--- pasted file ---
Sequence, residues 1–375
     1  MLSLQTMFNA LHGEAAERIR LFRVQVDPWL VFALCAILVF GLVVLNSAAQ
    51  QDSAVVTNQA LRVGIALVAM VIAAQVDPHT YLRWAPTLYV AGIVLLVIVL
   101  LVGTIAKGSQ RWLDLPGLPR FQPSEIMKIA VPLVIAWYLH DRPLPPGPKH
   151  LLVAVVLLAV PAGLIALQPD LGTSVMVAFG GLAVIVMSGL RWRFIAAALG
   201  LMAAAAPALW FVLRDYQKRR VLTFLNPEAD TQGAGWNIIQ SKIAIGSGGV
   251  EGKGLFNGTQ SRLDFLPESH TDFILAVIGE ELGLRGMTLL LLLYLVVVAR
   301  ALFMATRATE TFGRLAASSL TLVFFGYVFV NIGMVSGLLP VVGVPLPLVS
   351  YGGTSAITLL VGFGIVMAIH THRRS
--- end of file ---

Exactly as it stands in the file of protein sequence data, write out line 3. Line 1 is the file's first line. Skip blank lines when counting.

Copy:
    51  QDSAVVTNQA LRVGIALVAM VIAAQVDPHT YLRWAPTLYV AGIVLLVIVL